Now everyone has their own draft strategy on how they value players. The art of drafting for value is not what strategy you use, but getting the most out of each draft pick. I truly believe that you should take the best player available, but sometimes the best player does not always equate into the best value. What you will need to understand value is Average Draft Position (ADP), draft tiers, number of starting positions you’re drafting for, available players until your next selection and the rules of your league. Other important elements that add value are player factors.
Average Draft Position
The average draft position is a formula which combines a number of drafts and averages where a player is selected. Example: In five drafts Adrian Peterson is drafted first, third, first, second and third. Chris Johnson is selected second, second, fourth, first and third. Rashard Mendanhall is taken ninth, 10th, ninth, 12th and eighth. That would give Peterson an ADP of 2, Johnson an ADP of 2.4 and Mendanhall an ADP of 9.6. When you are preparing for a draft, you want to take into account that Peterson is ahead of Johnson and Mendanhall. If, for instance, you are selecting fifth, you would expect Peterson and Johnson to be selected before your pick fifth. The value is if Peterson or Johnson is available to you at five. There is no value in selecting Mendenhall at five when his ADP is 9.6. Now there is no law stating that you can’t draft any player you want at the fifth spot but keep in mind the concept of value. When I put together my drafts, I like to take several ADPs and average them together.
Another method we use for preparing drafts is the tier method. This is a simple strategy of grouping players by position based on similar talent. Example: In the quarterback tier, you would have Peyton Manning, Aaron Rogers and Drew Brees for Tier 1. Then in Tier 2 you could have Philip Rivers, Tom Brady and Michael Vick. Grouping players into tiers helps you decide when it is time to select a player at a position. For instance, you’ve grouped five running backs into Tier 1, three quarterbacks into Tier 1 and eight wide receivers into Tier 1 at each of the respective positions. If, by your pick, all five Tier 1 running backs have been selected, one quarterback in Tier 1 remains and you have six Tier 1 wide receivers available, then you would select the quarterback because you have a bigger chance at landing one of the wide receivers then you would the quarterback on your next pick. When I tier my draft board, I number and color code the players to keep them organized.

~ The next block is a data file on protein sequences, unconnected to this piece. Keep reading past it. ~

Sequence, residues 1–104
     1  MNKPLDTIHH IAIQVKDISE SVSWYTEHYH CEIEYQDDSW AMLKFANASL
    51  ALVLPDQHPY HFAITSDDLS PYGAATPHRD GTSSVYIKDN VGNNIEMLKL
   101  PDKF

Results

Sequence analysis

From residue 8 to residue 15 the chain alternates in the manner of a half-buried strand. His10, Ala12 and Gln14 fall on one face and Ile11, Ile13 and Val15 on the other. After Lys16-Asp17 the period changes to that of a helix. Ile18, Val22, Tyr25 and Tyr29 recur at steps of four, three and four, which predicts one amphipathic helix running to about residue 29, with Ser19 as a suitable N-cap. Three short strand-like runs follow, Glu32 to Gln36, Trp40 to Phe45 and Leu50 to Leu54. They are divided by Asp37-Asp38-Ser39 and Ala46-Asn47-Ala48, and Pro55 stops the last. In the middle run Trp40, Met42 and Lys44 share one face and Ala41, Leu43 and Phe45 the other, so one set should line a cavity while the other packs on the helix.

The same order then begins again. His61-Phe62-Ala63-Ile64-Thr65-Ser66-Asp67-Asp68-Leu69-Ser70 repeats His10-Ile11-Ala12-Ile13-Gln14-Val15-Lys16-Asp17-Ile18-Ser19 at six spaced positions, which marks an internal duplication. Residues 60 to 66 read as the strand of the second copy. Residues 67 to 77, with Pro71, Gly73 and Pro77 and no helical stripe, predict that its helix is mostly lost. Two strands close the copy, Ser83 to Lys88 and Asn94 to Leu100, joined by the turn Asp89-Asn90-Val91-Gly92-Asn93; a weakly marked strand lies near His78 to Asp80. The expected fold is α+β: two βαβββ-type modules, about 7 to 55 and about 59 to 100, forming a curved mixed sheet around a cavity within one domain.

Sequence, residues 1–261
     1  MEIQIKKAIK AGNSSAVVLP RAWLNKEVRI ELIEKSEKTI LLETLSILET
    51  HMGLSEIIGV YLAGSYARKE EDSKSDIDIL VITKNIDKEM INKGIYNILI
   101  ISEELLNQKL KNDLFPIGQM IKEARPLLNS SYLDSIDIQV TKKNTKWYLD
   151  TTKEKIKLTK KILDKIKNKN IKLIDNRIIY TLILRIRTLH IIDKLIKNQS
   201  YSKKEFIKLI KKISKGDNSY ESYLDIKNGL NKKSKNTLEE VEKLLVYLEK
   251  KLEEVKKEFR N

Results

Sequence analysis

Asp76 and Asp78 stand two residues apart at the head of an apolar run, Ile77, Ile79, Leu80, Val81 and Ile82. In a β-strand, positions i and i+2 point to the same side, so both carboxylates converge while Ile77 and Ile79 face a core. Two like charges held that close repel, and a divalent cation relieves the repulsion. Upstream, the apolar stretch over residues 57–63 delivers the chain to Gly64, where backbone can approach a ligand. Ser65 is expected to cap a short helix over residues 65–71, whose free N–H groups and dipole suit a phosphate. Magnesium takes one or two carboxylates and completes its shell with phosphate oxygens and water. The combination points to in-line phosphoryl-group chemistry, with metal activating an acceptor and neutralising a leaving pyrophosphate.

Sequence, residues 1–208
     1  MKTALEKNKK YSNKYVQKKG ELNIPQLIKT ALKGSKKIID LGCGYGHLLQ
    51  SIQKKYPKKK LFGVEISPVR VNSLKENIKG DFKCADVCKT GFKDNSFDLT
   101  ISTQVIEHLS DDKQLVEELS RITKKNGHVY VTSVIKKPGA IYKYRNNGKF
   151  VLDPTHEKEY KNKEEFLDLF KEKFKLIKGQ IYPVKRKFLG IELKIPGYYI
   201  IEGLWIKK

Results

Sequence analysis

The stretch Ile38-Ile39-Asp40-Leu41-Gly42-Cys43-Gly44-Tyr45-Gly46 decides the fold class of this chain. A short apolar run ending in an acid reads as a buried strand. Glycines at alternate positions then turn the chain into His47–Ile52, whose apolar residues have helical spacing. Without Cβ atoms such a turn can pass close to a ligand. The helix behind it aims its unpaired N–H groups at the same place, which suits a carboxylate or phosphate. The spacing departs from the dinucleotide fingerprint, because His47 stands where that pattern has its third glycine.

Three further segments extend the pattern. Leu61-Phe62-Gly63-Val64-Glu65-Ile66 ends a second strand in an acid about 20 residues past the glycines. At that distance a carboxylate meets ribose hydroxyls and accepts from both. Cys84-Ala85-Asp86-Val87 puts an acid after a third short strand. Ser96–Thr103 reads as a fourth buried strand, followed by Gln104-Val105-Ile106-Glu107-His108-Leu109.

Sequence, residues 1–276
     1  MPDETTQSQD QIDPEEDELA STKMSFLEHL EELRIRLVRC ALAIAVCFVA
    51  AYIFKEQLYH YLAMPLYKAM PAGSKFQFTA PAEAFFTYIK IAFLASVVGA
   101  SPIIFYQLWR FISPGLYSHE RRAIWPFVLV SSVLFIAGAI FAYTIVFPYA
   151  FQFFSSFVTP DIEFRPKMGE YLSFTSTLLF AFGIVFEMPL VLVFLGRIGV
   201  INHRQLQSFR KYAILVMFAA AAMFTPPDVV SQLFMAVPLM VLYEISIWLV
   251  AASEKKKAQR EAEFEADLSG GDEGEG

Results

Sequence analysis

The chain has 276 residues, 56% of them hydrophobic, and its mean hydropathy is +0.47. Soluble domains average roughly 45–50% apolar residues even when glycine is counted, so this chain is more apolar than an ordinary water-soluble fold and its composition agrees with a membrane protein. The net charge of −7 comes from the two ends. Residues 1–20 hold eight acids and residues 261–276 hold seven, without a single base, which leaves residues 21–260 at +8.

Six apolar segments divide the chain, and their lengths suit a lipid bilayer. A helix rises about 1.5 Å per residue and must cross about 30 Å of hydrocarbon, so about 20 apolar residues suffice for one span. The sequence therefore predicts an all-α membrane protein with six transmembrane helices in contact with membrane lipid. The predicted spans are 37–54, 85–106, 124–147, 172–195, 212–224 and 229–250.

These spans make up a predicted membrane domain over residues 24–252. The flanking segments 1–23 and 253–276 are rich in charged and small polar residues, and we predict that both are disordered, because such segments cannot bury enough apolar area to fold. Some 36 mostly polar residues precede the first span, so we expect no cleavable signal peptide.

Number of starting positions you are drafting
It sounds pretty easy, but you’d be surprised when some people draft without checking how many players are needed to start at each position. Some common mistakes are drafting too many at one position and not enough for another. Example: Owner A takes six running backs but just two wide receivers. The league he plays in starts three receivers. Now this owner is short at one position and has to fix the situation. Another example using the same scenario is Owner B loads up on other positions before selecting his starting quarterback. In the last round he planned to take a kicker but realizes he’s got to get a quarterback. He’s now in a situation where he’s not going to be able to select a kicker with this pick. By now, his choices of starting quarterbacks are awful and he would still need to get a backup quarterback as well. It’s poor draft management, and if you look to secure the players that will need to start for your team then you won’t find yourself in this situation. When I draft, I like to get my core team with the first five or six rounds, which means my quarterback, at least two running backs and two wide receivers.